Sony Music: We'll Also Share Potential Spotify Windfall With Artists
Sony Music Entertainment has followed up this week's revelation that its fellow major, Warner Music Group, plans to share with artists any proceeds from the sale of the company's equity in a streaming company. In a statement also released on Thursday, Sony said that a similar policy on breakage — revenue that is not officially designated for artists — is already in place.
"As we have previously shared with our artists and their representatives, net proceeds realized by Sony Music from the monetization of equity interests that were provided to Sony Music as part of the consideration for a digital license will be shared with our artists on a basis consistent with our breakage policy," the label group said.
Like Warner, Sony owns an investment stake in leading music streaming service Spotify, which is rumored to be preparing for an initial public stock offering. WMG CEO Stephen Cooper said in a Thursday earnings call that "in the event we do receive cash proceeds from the sale of these equity stakes [in Spotify or another service], we will also share this revenue with our artists on the same basis as we share revenue from actual usage and digital breakage."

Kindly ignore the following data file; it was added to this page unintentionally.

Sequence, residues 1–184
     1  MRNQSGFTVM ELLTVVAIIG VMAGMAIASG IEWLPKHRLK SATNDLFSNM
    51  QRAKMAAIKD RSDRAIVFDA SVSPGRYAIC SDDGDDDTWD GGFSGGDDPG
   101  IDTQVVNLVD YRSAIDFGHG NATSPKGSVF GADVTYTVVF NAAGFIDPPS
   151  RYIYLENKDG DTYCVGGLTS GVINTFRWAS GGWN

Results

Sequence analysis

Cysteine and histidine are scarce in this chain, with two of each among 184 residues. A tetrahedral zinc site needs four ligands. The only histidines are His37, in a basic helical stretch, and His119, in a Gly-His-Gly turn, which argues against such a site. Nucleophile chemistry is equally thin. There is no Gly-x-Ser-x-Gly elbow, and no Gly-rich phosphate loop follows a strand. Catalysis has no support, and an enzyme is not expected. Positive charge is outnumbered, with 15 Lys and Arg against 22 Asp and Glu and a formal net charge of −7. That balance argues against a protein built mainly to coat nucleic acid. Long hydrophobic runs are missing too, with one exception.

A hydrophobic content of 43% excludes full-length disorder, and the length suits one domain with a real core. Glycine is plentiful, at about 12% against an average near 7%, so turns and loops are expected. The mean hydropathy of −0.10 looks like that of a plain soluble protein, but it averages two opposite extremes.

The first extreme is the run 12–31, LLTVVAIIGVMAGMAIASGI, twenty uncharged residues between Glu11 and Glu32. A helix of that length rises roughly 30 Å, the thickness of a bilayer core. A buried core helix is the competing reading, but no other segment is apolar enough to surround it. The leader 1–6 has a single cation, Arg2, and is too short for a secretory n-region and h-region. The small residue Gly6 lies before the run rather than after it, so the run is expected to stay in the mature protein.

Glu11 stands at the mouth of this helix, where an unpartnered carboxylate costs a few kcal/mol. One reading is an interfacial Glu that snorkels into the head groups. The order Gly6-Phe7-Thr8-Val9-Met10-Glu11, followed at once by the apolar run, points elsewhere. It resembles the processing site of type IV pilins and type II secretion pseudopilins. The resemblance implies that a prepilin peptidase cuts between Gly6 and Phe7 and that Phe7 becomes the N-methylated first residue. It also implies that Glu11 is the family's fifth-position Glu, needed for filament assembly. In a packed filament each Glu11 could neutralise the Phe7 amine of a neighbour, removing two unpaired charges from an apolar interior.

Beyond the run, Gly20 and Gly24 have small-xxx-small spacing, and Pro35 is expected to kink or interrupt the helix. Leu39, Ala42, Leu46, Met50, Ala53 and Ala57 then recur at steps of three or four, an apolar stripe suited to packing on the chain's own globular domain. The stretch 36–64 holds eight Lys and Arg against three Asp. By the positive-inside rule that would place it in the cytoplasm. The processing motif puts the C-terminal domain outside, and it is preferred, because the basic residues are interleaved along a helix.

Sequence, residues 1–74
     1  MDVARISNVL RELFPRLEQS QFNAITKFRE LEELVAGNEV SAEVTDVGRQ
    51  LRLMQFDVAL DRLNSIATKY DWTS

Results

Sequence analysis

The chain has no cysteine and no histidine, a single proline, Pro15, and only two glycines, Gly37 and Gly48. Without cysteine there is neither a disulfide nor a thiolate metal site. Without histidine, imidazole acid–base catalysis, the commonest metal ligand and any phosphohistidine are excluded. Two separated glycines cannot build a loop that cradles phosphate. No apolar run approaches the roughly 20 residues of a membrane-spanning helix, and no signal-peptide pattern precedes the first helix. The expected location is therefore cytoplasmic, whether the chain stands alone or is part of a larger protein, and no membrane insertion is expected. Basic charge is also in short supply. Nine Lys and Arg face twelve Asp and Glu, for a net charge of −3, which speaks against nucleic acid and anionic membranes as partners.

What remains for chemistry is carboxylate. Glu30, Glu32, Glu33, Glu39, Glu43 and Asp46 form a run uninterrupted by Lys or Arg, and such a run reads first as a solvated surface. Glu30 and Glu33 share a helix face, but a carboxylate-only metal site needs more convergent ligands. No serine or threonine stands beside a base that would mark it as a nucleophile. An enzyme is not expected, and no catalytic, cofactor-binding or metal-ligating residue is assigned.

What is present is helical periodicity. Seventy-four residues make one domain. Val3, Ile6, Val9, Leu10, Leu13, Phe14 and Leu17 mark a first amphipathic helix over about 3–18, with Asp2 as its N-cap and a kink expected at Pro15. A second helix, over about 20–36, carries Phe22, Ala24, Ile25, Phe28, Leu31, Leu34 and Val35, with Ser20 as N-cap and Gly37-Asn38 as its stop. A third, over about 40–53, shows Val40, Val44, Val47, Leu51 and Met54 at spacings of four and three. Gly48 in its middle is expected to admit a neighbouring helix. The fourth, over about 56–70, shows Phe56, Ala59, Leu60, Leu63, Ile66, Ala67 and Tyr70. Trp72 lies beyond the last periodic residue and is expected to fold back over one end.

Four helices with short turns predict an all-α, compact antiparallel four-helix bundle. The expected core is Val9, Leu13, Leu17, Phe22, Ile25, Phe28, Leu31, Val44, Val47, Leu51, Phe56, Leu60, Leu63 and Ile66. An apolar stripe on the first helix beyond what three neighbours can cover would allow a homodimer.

The term “digital breakage” in the music industry refers to the difference between the minimum guaranteed royalties owed to a label and royalties accrued in the normal course of business. These revenues are shared at the same rate that artists are allocated their share of streaming royalties.
Sony found itself in a controversy over breakage last year following the leak of a Spotify licensing contract that called for Spotify to pay a minimum guarantee that may exceed the royalties Sony would have otherwise received from the service. Sony later explained that under its breakage policy it shares with artists "all unallocated income from advances, non-recoupable payments and minimum revenue guarantees that Sony Music receives under its digital distribution deals."